Emerald Ash Borer

Emerald Ash Borer (EAB) was first identified in Michigan in 2002; since then it has spread to 22 states, including Colorado. It was introduced from East Asia likely through infested shipping or packing material. The most likely route of introduction to Colorado was probably in firewood or nursery stock. EAB impacts all species of ash (Fraxinus spp.), white, purple, green and their cultivars. Colorado has many ash in the urban forest (we estimate about 15% of trees are ash). Boulder has approximately 98,000 public and private ash trees. The Denver Metro area has an estimated 1.45 million ash trees. Some neighborhoods and developments may be up to 80% ash.

What does EAB do?

• Kills ash trees!

• Larvae feed under the bark, eventually girdling the tree and cutting off nutrients.

• Trees are killed within 2-4 years of first symptoms, even previously health trees.

• Trees of all size can be attacked, from 1/2 inch saplings to largest mature trees.

• This insect is very difficult to detect because it is under the bark and the adults are only around from May to September.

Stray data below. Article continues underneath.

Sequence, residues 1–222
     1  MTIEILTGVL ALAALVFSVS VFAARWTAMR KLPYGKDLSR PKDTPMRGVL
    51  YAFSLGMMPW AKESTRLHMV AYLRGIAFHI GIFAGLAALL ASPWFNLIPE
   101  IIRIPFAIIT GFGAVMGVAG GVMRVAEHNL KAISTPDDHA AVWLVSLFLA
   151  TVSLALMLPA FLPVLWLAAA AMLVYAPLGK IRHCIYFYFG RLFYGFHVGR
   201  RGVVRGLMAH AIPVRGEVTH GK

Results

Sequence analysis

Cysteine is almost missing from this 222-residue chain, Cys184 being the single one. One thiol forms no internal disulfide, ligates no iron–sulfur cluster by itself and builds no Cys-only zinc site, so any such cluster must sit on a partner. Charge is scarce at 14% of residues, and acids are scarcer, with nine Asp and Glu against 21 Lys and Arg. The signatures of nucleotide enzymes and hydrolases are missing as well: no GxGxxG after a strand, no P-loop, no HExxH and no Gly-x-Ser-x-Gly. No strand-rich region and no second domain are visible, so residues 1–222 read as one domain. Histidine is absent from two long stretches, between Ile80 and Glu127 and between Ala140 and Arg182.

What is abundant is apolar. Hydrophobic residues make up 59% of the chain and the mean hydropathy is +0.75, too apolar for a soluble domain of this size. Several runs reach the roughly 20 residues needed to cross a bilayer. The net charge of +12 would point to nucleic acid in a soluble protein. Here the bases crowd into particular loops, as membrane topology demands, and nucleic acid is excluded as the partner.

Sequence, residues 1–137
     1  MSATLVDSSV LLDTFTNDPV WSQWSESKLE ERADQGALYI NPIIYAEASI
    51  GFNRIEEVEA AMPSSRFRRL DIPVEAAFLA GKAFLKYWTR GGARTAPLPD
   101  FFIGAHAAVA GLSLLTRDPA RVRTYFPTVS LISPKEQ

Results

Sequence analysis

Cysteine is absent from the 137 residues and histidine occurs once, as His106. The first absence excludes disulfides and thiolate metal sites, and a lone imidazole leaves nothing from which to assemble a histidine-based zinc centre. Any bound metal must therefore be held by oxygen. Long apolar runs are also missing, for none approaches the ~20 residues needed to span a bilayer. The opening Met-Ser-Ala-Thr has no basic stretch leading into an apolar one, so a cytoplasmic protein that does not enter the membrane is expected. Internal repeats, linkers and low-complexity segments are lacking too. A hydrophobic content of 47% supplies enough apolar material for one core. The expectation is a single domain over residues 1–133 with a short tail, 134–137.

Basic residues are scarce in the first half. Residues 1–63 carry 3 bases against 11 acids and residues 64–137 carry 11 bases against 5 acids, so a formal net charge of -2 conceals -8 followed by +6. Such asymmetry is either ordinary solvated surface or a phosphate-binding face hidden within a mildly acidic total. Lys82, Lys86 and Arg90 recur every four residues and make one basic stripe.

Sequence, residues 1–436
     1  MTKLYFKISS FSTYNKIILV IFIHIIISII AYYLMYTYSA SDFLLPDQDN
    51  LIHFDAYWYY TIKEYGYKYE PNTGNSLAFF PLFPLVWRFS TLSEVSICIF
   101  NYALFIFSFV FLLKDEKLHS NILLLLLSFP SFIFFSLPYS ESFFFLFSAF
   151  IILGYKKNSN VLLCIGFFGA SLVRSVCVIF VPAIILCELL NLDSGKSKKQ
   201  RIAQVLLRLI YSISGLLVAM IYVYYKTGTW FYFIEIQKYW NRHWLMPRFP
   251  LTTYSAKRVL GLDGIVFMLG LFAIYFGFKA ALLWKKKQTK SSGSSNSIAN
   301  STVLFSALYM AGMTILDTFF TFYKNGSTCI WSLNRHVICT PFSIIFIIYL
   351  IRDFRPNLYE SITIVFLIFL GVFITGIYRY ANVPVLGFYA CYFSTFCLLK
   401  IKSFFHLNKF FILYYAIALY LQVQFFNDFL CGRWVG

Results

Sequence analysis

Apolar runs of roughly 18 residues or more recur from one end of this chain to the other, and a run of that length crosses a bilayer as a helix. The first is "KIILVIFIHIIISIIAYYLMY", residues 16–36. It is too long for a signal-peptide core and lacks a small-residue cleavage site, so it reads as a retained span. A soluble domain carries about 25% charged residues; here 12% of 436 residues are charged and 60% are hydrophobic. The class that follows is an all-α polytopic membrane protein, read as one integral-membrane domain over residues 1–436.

EAB Movement

Infestations result from movement of infested ash trees and wood. It does not fly far on its own.

Some of the items it moves on or in:

• Firewood

• Packing material/industrial wood material

• Live plant material (nursery stock etc) • Ash wood such as logs, branches, chips, etc.

Potential Impacts of Emerald Ash Borer to Colorado Communities

Green and White Ash widely planted in Colorado over past 50 years

• Ash comprises 15%-80% of community trees depending on location

• Ash is still planted extensively due to tolerance of urban growing conditions, it is fast growing and has nice fall color

• Green ash is also naturalized along creeks and ditches throughout Eastern Colorado and parts of the Front Range. It has been found along Boulder Creek.

Total ash tree population for Metro Denver is estimated to be 1.45 Million trees Boulder has an approximately 98,000 ash trees

In the greater Denver Metropolitan area in direct economic impact could be:

• Removal of public and private trees approximately $435 Million total

• To replace those trees could cost approximately $580 Million total

Source: https://extension.colostate.edu/docs/pubs/insect/eab_threat_urbanforests.pdf